Books (monographs or edited collections) indicate in some disciplines that you have now a certain standing. However, all depends on the publisher. Self-published books, sorry - unless it's a poetry collection. Publishing your thesis is a great idea - either as monograph or a series of articles. Just remember, there are predatory publishers out there who take a thesis and publish it without any 'value added'. Rather don't!
Research reports typically do not have the same standard of peer review as journal articles or reviewed scholarly books. Hence they are typically not counted as part of the peer reviewed research output, but they indicate your research productivity. 
Conference proceeding are sometimes also considered, especially if published. But don't count on in. Attendance of conferences is a good way to see in which 'circles' you mingle. 

Key: one list you do NOT want your journal to be listed is in the Beall's list. Learn to identify predatory journals and do not publish in predatory publishers. If you ever did, do not list them. Count your loses and move on. Similary, publishing your thesis with Lambert is devaluing it in the eyes of recruiters. Publishing in predatory journals that charge high fees and have questionable review and QA processes cast doubt on your ability to produce work "that stands the test of peer review".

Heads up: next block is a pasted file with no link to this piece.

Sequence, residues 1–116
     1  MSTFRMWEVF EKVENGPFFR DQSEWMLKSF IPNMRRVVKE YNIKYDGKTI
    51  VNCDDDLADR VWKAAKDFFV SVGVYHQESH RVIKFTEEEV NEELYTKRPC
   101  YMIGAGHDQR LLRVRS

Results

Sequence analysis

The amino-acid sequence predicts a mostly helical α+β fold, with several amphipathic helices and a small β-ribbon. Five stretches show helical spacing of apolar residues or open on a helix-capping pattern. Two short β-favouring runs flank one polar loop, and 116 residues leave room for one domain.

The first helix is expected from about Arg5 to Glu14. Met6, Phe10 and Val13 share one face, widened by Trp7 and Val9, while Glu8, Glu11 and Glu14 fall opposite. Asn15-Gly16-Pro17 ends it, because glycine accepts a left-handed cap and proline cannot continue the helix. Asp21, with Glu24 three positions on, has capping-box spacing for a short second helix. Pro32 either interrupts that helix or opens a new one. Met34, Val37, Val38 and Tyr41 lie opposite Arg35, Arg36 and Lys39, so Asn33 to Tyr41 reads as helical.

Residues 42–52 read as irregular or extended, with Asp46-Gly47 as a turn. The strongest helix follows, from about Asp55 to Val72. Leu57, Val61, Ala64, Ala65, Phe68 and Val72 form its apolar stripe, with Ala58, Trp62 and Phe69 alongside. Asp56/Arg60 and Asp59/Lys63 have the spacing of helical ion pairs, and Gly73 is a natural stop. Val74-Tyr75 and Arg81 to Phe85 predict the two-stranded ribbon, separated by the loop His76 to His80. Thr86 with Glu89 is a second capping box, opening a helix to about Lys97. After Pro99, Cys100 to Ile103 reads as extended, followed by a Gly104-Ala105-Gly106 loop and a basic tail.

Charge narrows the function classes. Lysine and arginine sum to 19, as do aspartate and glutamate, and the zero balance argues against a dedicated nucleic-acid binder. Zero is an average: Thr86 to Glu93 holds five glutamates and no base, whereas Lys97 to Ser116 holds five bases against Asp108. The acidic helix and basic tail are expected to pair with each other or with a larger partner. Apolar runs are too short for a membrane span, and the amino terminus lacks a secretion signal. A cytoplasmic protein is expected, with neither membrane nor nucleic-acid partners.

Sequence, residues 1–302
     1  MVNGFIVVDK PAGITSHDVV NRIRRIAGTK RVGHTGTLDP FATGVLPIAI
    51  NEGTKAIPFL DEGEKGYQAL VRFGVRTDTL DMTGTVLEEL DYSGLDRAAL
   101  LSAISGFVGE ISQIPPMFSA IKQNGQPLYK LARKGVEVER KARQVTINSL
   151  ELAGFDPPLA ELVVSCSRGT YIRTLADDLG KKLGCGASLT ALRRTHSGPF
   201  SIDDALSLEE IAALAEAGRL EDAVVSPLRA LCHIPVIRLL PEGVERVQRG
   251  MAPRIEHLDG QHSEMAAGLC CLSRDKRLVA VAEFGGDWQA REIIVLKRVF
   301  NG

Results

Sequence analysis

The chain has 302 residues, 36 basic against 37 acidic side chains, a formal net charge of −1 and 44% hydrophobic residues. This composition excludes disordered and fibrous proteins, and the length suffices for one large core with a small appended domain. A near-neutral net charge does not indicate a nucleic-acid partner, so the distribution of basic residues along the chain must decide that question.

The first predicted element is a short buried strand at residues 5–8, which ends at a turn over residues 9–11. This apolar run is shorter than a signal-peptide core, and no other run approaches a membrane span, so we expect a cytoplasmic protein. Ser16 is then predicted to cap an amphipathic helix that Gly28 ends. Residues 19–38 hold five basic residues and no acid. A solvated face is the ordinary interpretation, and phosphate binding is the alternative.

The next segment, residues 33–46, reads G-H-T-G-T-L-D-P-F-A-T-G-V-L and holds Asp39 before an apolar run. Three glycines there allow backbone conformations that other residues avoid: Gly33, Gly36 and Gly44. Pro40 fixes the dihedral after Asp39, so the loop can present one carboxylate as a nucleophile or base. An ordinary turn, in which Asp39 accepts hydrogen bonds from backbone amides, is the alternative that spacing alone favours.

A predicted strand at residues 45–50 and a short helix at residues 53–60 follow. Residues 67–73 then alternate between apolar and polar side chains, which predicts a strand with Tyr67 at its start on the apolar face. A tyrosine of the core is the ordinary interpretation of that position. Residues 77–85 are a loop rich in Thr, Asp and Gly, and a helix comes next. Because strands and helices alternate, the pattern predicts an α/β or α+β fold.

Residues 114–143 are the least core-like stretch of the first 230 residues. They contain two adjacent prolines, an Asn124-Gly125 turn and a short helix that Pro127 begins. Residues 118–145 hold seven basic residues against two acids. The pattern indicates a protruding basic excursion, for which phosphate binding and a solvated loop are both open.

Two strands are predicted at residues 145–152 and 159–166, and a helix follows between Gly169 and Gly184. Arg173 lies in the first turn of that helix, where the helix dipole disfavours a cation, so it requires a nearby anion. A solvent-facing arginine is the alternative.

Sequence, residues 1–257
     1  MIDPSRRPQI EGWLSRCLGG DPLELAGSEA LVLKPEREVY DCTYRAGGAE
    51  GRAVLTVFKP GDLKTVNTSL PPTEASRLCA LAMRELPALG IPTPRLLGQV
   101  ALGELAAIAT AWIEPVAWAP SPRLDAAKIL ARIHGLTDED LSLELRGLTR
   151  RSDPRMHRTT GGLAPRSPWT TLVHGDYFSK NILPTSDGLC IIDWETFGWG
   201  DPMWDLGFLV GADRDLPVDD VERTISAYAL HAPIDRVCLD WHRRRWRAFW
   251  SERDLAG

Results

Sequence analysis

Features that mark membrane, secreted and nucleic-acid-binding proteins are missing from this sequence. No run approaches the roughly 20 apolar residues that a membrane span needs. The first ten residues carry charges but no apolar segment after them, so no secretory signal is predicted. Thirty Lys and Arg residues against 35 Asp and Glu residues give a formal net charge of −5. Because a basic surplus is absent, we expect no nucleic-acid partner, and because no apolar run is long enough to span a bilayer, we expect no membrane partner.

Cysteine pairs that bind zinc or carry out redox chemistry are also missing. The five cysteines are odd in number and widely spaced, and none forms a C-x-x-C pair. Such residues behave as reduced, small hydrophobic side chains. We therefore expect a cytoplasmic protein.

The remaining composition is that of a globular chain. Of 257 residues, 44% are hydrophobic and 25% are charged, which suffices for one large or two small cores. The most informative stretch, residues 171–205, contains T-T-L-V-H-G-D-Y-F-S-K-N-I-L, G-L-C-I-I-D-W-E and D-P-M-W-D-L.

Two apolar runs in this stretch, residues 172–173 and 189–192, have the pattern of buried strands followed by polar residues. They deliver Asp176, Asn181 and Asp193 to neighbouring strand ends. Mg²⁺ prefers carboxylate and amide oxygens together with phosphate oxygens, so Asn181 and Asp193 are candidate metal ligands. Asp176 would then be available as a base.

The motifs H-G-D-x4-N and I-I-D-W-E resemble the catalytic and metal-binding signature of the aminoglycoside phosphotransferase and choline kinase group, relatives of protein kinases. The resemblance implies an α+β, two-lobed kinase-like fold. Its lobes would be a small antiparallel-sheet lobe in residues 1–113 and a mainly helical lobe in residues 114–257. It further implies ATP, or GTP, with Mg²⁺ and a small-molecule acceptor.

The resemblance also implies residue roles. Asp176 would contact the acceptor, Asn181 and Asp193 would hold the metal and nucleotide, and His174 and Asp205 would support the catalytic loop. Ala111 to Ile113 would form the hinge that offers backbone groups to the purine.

Make sure you have a Scholar Google Profile, an and/or Researchgate account, and your ORCHID. All this shows you are switched on and part of the world-wide community of knowledge producers. A public Google Scholar Profile also gives the recruiters an idea of your citation count and where you stand in your research career. They are more important in our business that LinkedIn. On the topic of social media, please be sure to monitor your own Twitter, Facebook, Instagram and whatever accounts. Nothing like a good researcher profile and a Facebook account that shows a drunkard. 

Research experience, projects, networks, funding

This is really important to show. Research experience (and networks) can be well illustrated in a listing of actual projects. Important to show: duration, name of PI (principal investigator), grant holder, grantee and grant amount (if it is/was funded), your role and contribution. Of course, this must correlate with research outputs, conference/workshop attendance etc.